Greg and Libby's marriage began its slow decline three years ago with the death of their twelve year old daughter, Lacy. Unable to heal from Lacy's death, they eventually grew apart--Greg no longer knowing how to reach Libby and Libby no longer wanting to be reached. When Greg didn't return from a solo canoeing trip in the Canadian wilderness, the authorities' assumption was he had decided to leave their marriage. Needing to know for sure he'd abandoned her, Libby, Frank (Greg's Father), and Jen (her best friend) decided to retrace Greg's path through the wilderness in hope of discovering if he'd left her or if he's dead. As they began their trip, Libby's not sure which she'd prefer. Would she rather him have left her or died? Honestly she's having a hard time caring, especially since, she was planning to leave him.
They Almost Always Come Home is not so much of a story as a journey. It's a trip through the past and the present searching for hope in the future. This journey of hope is in the midst of grief combined with fragmented relationships and unfailing friendship. There are infinite amounts of material in this book to praise from its simple beauty to its haunting emptiness. This is not a book to be read and set aside, but rather absorbed and contemplated or perhaps discussed among friends or in a group setting. It is a deep, rich book and one I highly recommend.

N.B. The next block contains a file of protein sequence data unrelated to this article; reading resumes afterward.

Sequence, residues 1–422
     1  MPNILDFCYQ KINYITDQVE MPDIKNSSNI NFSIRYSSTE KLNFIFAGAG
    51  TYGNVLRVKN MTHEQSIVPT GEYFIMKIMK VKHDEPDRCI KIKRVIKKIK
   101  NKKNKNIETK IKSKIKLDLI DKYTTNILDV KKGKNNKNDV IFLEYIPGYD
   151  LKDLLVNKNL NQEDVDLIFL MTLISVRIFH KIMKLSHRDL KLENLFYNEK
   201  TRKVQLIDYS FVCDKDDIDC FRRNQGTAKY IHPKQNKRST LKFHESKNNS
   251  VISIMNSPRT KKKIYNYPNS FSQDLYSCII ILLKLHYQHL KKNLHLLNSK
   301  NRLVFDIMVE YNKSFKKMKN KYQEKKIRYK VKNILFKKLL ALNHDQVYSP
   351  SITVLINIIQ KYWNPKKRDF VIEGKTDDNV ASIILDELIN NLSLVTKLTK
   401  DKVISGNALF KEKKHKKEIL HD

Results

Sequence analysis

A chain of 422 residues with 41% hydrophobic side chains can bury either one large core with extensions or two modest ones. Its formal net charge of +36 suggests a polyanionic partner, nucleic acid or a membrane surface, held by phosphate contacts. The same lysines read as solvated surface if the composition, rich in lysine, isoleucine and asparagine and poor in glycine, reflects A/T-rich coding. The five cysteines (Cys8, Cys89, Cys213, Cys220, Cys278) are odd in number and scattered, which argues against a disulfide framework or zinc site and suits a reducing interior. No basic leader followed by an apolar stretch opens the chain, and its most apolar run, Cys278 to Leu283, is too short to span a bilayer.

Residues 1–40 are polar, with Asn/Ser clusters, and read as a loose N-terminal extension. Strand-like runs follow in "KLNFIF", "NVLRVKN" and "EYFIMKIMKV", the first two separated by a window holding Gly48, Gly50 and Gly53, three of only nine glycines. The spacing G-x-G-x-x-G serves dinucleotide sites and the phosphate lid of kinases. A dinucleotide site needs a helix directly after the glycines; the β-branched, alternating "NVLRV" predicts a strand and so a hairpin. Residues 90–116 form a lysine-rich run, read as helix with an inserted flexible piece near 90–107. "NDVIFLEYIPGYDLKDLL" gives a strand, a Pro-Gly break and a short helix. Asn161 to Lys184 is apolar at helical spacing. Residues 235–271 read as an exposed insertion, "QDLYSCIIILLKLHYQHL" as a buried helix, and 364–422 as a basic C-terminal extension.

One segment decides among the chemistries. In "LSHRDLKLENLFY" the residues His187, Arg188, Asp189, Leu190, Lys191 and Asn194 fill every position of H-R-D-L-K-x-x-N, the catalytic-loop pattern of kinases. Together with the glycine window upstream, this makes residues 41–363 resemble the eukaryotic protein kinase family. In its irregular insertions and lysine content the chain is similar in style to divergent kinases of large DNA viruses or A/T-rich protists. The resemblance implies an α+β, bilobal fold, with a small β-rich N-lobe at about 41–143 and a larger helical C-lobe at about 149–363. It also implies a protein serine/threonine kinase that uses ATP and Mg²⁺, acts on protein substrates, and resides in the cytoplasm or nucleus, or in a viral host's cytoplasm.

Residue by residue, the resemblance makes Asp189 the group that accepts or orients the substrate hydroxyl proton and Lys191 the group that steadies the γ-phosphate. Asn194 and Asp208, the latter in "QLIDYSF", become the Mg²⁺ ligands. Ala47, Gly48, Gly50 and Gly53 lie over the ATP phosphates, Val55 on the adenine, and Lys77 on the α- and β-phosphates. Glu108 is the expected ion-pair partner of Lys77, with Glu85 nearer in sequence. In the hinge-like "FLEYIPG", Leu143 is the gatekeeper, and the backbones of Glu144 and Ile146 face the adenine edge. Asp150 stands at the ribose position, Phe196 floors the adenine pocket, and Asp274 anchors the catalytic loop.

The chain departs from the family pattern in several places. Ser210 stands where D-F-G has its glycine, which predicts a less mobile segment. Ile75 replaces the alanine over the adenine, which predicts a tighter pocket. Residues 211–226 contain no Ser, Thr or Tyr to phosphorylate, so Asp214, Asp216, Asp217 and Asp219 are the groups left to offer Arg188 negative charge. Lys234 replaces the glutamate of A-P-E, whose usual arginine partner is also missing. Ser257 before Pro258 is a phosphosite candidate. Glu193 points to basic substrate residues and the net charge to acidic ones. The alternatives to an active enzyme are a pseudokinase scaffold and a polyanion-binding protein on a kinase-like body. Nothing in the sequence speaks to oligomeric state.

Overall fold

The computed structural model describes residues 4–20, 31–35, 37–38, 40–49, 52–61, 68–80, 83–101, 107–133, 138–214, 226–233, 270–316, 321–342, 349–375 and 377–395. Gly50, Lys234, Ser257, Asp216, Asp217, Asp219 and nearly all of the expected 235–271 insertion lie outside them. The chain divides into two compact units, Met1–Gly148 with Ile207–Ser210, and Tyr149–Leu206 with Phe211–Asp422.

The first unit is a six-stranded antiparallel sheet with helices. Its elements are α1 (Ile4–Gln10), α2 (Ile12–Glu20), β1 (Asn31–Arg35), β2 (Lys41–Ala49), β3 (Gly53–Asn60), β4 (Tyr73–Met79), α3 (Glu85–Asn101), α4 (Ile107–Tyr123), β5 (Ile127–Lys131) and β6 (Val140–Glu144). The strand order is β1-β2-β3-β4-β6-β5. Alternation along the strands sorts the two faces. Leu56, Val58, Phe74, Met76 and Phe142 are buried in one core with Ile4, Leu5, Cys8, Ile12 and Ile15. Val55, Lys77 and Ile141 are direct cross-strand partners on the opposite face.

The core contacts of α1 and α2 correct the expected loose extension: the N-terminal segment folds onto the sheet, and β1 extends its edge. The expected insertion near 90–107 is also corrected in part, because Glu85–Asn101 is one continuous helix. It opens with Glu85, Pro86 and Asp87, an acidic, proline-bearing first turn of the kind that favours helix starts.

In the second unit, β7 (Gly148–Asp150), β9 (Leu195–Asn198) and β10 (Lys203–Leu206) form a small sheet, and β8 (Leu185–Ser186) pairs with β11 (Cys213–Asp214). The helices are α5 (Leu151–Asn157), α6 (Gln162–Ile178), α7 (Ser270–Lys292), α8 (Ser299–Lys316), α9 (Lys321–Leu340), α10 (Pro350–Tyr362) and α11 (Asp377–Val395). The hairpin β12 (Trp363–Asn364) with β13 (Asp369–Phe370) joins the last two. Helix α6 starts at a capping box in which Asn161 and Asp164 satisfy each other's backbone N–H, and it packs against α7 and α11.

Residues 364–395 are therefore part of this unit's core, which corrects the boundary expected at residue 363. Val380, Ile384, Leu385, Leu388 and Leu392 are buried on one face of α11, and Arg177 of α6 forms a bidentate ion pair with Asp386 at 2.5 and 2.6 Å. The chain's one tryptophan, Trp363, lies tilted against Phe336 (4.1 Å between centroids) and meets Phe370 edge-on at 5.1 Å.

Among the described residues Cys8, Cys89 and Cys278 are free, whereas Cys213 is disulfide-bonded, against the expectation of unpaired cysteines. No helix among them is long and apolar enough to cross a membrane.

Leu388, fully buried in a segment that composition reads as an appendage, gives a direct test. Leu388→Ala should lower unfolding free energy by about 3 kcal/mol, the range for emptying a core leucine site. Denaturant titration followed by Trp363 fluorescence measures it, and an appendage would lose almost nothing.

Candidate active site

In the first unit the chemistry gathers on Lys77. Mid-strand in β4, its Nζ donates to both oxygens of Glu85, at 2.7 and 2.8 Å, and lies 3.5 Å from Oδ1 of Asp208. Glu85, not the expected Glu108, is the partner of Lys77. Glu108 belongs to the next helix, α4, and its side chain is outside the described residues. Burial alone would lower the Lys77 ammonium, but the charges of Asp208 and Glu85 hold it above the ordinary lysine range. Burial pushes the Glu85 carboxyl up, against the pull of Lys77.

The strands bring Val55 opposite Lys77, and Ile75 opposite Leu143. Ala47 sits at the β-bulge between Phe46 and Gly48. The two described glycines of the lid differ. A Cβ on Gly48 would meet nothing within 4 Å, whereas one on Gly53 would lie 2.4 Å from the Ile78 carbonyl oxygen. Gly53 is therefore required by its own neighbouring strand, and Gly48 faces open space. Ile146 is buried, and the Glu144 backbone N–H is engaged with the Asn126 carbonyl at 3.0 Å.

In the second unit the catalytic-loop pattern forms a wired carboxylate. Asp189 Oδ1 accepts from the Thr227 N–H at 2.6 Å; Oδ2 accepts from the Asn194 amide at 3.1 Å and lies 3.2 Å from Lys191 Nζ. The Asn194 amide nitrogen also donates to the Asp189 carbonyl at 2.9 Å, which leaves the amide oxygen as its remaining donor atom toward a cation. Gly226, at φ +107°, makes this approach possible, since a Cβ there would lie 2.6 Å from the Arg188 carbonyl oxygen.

I've read several books that include the death of a child and they typically attempt to capture the strain on a relationship in the depths of the parent's grief. They also try to help the reader feel the agony of the parents as they weep for the child they've lost. Some are able to accurately capture those moments and present them to the reader. This is one of them. It was pure in its emotions and simple in its presentation. Until experiencing the death of a child, one can never really understand it, but this book came pretty close to immersing the reader into those agonizing moments.
Thankfully Ruchti included a healthy dose of humor. From subtle comments to blatant remarks, this is a story that takes the edge off the situation through humor. Much of the humor will be appreciated by women more than men. In fact, this book in general is definitely geared towards women. I'm not sure many men could identify as easily with the interworking of Libby's mind. It felt feminine all around and worked very well in that regard.
Central to They Almost Always Come Home is hope. Hope they will find Greg, but also hope Libby can reconcile to God. Grief often is accompanied by a rift from God. All those questions that one would like answered often gets in the way of seeing things the way God does. This book doesn't offer answers, which I appreciate. Instead it takes the reader through the journey of one woman's struggles with God. It was the perfect approach for this novel and executed perfectly.
This is a great book, there's no question about it. It was beautiful in numerous ways and a pleasure to read. From the opening scene where Libby is planning her husband's funeral through the gut wrenching agony of the unknown, this is a magnificent story. To quote the ever insightful Larry the Cucumber, "I laughed. I cried. It moved me Bob."